Powers or obligations to share information - Adult safeguarding: sharing information
Referring to the Disclosure and Barring Service
The Safeguarding Vulnerable Groups Act (2006) places specific duties on those providing ‘regulated activities’. They must refer to the Disclosure and Barring Service (DBS) anyone who has been dismissed or removed from their role because they are thought to have harmed, or pose a risk of harm to, a child or adult with care and support needs. This applies even if they have left their job and regardless of whether they have been convicted of a related crime. The statutory guidance to the Care Act 2014 requires designated adult safeguarding managers to work with partner organisations to ensure that referral of individual employees to the Disclosure and Barring Service is carried out promptly and appropriately.
A Disclosure and Barring Service factsheet provides information to help people with data protection and security matters when making referrals. There are also factsheets on:
- When to refer
- The DBS and professional regulators
- Local authority: Referral duty and power
- Harm, Relevant Conduct and Risk of Harm
Professional codes of practice
Many professionals, including those in health and social care, are registered with a body and governed by a code of practice or conduct. These codes often require those professionals to report any safeguarding concerns in line with legislation. The statutory guidance to the Care Act (2014) requires designated adult safeguarding managers to work with partner organisations to ensure that referrals of individual employees to regulatory bodies are made promptly and appropriately.
Care workers or care assistants are not registered but there is a voluntary code of conduct published by Skills for Care. The code states that as a healthcare support worker or adult social care worker in England, you must:
- report any actions or omissions by yourself or colleagues that you feel may compromise the safety or care of people who use health and care services and, if necessary use whistleblowing procedures to report any suspected wrongdoing.
- challenge and report dangerous, abusive, discriminatory or exploitative behaviour or practice.
- report things that you feel are not right, are illegal, or if anyone at work is neglecting their duties. This includes when someone’s health and safety is in danger, damage to the environment, a criminal offence, that the company is not obeying the law (like not having the right insurance), or covering up wrongdoing.
Social workers are registered with the Health and Care Professions Council. The Standards of proficiency state that they must:
- understand the need to protect, safeguard and promote the wellbeing of children, young people and vulnerable adults
- be able to recognise and respond appropriately to situations where it is necessary to share information to safeguard service users and carers or others.
Duty of candour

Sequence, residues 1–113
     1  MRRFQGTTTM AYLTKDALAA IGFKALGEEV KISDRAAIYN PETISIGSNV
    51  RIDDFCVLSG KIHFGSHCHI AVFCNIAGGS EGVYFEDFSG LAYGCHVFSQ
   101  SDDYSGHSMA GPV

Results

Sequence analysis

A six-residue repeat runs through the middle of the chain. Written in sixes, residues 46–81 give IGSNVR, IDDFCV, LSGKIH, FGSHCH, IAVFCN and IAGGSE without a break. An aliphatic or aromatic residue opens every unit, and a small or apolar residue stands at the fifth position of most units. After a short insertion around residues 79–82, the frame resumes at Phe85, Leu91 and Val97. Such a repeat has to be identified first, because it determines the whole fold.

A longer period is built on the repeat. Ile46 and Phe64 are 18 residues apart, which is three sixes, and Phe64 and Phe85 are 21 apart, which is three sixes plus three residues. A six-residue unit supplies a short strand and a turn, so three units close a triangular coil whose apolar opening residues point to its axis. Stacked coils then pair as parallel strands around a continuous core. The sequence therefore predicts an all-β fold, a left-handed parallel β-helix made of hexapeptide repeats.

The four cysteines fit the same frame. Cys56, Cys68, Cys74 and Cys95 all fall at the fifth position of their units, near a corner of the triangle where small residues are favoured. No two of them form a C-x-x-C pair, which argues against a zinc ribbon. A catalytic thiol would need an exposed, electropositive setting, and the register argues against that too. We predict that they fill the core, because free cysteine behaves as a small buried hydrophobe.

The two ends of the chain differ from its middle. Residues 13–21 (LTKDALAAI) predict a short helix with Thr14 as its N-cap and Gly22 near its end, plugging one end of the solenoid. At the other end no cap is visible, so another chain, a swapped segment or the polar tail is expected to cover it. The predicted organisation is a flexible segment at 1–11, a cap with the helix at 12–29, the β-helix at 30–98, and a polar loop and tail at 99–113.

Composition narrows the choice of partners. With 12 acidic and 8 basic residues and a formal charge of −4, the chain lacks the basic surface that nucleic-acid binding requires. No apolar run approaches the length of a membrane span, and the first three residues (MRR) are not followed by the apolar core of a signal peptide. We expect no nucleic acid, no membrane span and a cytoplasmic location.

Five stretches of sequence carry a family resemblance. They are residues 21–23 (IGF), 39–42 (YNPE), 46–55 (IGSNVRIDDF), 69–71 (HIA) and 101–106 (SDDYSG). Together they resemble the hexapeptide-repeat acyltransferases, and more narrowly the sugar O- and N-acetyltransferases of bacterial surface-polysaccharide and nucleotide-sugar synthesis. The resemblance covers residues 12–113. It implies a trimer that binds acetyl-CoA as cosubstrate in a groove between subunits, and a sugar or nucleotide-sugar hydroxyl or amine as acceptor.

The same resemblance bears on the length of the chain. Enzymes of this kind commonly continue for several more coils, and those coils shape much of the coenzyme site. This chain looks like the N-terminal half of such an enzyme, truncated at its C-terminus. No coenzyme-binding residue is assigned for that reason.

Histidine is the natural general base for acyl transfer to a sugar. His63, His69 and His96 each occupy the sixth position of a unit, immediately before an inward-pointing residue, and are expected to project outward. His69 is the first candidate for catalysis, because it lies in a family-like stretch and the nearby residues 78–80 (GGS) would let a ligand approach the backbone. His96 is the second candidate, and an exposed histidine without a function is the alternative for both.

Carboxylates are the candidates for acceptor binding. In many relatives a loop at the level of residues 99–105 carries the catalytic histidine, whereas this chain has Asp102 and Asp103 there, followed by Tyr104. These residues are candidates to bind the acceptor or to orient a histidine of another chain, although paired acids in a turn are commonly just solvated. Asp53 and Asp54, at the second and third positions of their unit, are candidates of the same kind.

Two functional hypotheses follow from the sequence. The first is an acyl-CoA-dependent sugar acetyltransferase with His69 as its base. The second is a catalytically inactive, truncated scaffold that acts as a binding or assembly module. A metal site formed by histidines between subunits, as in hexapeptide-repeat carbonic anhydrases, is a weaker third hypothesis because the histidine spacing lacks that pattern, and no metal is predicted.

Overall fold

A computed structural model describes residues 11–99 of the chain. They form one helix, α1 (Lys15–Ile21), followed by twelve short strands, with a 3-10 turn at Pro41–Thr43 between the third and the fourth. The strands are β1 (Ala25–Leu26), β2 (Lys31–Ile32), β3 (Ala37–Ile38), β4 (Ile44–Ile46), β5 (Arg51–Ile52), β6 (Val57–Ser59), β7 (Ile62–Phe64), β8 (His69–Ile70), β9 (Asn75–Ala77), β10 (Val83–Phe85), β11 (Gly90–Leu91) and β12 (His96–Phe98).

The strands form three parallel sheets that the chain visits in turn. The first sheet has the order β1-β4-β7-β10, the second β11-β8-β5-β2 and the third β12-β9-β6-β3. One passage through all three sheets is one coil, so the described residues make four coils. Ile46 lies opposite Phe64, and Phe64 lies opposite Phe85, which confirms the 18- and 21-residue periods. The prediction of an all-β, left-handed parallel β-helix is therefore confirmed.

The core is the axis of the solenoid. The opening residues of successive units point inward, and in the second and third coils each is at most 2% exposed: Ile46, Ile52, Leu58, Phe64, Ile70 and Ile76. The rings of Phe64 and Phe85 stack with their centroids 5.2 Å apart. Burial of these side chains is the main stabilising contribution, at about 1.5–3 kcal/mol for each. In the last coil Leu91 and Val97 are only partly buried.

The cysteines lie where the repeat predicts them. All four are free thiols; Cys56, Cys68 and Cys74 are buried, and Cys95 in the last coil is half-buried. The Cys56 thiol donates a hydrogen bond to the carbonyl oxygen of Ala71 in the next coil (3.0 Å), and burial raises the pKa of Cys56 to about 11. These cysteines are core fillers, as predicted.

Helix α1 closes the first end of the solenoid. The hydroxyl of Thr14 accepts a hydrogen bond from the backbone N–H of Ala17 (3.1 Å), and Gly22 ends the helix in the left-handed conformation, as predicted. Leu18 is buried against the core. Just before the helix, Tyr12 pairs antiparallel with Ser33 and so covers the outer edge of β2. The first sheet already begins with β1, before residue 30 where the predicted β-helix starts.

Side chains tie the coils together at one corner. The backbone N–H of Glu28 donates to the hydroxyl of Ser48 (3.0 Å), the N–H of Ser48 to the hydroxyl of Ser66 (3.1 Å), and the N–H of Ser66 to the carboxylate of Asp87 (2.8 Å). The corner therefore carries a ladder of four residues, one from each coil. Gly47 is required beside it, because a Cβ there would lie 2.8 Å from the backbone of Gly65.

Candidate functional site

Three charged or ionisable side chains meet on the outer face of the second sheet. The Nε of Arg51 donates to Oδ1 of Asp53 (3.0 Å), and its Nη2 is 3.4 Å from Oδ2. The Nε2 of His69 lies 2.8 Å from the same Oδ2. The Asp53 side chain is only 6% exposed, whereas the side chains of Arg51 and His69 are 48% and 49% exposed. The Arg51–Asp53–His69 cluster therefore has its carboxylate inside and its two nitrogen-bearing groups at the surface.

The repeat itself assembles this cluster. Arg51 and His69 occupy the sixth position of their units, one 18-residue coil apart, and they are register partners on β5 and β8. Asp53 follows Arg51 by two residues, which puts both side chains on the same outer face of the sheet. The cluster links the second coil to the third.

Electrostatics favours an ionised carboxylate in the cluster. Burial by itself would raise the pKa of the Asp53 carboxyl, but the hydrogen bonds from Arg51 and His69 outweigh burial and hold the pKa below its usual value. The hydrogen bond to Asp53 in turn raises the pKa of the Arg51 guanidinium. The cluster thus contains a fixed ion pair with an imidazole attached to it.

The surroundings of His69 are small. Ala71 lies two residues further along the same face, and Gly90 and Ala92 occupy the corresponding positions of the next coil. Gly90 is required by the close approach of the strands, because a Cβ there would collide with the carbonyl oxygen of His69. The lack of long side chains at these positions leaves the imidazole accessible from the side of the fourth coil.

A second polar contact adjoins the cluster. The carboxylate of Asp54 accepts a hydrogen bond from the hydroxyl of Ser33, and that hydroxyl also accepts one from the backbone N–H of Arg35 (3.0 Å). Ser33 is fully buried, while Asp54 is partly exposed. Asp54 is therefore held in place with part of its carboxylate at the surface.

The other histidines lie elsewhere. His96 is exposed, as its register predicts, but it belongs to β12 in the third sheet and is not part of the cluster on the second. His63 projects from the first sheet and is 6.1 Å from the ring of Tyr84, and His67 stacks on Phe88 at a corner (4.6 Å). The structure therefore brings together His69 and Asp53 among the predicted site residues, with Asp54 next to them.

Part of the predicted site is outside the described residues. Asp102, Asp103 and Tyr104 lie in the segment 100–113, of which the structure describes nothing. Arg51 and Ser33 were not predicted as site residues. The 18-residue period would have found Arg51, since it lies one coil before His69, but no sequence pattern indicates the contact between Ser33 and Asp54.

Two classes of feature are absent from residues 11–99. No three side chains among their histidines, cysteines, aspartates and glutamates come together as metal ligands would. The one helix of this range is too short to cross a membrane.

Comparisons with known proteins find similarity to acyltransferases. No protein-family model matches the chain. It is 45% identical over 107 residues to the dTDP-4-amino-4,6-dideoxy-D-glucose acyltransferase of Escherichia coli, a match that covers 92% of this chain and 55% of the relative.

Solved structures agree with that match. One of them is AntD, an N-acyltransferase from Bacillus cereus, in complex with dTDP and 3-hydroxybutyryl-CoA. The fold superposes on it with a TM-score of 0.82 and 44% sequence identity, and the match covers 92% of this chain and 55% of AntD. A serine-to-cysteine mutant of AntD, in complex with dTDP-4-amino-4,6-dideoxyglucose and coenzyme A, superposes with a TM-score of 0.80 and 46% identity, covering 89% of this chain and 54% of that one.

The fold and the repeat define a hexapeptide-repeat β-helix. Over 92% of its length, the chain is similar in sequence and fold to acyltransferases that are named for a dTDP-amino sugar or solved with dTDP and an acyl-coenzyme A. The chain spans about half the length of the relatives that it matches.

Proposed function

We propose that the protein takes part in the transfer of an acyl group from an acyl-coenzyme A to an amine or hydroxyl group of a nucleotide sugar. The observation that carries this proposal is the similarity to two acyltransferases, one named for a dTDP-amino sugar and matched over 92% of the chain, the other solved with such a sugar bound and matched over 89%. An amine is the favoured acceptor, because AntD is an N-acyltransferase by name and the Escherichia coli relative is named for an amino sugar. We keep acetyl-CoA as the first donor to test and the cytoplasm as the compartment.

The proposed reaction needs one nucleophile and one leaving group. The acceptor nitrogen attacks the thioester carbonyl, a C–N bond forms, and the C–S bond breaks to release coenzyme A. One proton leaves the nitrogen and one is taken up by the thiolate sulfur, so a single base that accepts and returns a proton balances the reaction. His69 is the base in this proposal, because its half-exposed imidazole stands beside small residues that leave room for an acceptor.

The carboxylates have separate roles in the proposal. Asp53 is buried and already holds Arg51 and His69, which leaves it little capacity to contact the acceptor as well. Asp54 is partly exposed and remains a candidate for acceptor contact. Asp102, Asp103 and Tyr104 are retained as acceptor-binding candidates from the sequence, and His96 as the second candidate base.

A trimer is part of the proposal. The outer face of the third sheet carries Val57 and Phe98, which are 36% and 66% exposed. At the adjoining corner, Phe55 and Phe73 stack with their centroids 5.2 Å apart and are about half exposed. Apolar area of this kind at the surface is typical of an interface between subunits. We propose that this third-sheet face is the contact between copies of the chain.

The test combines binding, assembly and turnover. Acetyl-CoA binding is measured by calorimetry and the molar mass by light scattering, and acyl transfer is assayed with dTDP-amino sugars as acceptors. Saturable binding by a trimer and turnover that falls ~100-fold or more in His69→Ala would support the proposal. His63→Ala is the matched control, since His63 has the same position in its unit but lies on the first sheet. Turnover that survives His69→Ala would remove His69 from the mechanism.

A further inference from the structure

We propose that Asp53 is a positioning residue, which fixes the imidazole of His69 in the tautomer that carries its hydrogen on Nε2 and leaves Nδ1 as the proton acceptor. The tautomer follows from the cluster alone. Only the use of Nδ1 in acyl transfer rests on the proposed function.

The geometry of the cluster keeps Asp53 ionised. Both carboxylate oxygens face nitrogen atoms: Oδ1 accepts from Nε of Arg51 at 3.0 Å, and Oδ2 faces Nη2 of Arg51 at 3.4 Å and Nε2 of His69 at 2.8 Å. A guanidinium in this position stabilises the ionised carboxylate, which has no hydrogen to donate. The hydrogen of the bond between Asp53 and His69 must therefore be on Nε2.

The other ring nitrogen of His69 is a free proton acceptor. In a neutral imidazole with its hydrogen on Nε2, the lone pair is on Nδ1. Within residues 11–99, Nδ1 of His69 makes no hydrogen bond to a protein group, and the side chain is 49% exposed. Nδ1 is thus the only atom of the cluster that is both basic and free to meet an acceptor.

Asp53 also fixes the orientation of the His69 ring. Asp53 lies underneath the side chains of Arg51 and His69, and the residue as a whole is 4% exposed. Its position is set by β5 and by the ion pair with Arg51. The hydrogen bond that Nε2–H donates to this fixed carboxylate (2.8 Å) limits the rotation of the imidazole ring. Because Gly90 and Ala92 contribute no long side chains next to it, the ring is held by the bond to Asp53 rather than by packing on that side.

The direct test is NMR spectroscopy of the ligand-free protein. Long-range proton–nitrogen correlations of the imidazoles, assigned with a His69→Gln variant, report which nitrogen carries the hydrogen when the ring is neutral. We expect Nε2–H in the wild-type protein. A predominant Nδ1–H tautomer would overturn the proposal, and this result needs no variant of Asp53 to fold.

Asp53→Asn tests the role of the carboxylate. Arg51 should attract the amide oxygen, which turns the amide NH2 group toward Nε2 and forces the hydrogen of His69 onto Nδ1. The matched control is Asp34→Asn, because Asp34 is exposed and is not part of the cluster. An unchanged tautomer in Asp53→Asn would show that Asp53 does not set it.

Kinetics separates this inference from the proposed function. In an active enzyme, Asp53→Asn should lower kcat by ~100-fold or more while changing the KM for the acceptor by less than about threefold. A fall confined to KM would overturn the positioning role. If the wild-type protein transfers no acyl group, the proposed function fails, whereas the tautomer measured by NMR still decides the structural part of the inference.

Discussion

Regulations under the Care Act place a duty of candour on all service providers registered with the Care Quality Commission from April 2015. The duty:
- aims to ensure transparency and honesty when things go wrong
- requires providers to tell the person concerned when something has gone wrong as soon as possible and provide support to them
- includes giving an apology and keeping the person informed about any further enquiries.
Those commissioning services should consider whether contracts should place an obligation on service providers to share safeguarding information. Any specifications would need to be in line with policy, regulation and the law.
Sharing information on prisoners
The statutory guidance to the Care Act requires local authorities to share information about people with care and support needs in, or in transition from or to, prison or custodial settings. This includes ‘the sharing of information about risk to the prisoner and others where this is relevant’. 
Sharing information on those who may pose a risk to others
The police can keep records on any person known to be a target or perpetrator of abuse and share such information with safeguarding partners for the purposes of protection ‘under Section 115 of the Crime and Disorder Act 1998, and the Data Protection Act 1998, provided that criteria outlined in the legislation are met’.  All police forces now have IT systems in place to help identify repeat and vulnerable victims of antisocial behaviour.
The statutory guidance to the Care Act states that safeguarding adults boards should have a ‘framework and process for any organisation under the umbrella of the SAB to respond to allegations and issues of concern that are raised about a person who may have harmed or who may pose a risk to adults’.  Designated adult safeguarding managers should ‘ensure the control of information in respect of individual cases is in accordance with accepted Data Protection and Confidentiality requirements’.